surface winds. Note that the weaker background flow will likely
allow local afternoon sea breezes and nighttime land breezes to
develop over leeward and interior sections of the individual
islands, especially on Kauai and Oahu, through tonight.

The early morning sounding from Hilo shows moistening overnight
compared with Wednesday afternoon, since the most recent
precipitable water (PW) value increased to 1.27 inches.
Elsewhere, the Lihue sounding still showed relatively dry
conditions, with a PW value of 1.05 inches. In addition, the low-
level trade wind inversion has increased to around 8 thousand
feet at Hilo, while it remains below 6 thousand feet at Lihue.
The latest forecast guidance continues to indicate additional
low-level moisture will be advected over the eastern islands
today. Satellite derived PW values of 1.3 inches extend a few
hundred miles upstream from the Big Island. Therefore, expect the
low-level flow to bring additional low clouds and showers from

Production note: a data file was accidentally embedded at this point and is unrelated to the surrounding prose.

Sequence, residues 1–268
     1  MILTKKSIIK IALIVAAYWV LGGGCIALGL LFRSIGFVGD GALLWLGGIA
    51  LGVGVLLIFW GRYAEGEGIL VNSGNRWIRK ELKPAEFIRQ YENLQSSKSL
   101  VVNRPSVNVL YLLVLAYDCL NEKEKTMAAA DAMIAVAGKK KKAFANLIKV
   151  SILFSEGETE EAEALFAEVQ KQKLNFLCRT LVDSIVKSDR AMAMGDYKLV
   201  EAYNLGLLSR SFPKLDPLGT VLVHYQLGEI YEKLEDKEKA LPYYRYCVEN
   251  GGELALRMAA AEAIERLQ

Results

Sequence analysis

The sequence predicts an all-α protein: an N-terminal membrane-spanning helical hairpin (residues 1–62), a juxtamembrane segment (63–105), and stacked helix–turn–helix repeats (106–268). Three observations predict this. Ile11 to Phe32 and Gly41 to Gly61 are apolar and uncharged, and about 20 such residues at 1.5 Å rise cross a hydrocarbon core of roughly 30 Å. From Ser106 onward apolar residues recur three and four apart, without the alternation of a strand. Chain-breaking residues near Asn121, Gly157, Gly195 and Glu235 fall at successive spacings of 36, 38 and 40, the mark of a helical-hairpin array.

the east-southeast toward the Big Island, and possibly Maui, from
this morning into Friday.

The middle tropospheric ridge will likely erode near the eastern
end of the state during the next couple of days. This is due in
part to the short-wave trough moving by just to the north of the
islands during the next 18 to 30 hours. Once this feature is
northeast of the Big Island, the models suggest a sharp upper
tropospheric trough will develop east and northeast of the Big
Island starting later tonight or Friday, and persist into this
weekend. This may allow some additional increase in inversion
heights, especially near the windward Big Island this weekend.

High pressure will gradually build north of the area after the
front dissipates, resulting in an increase in trade wind speeds.
The trades will also likely be from a more typical east-northeast
direction starting late Friday, and continuing through this
weekend. In addition, as the inversion heights gain altitude this
weekend, expect an increase in trade wind showers, particularly
along windward facing slopes of the eastern islands. The models
also show a new high moving to a position far north of the islands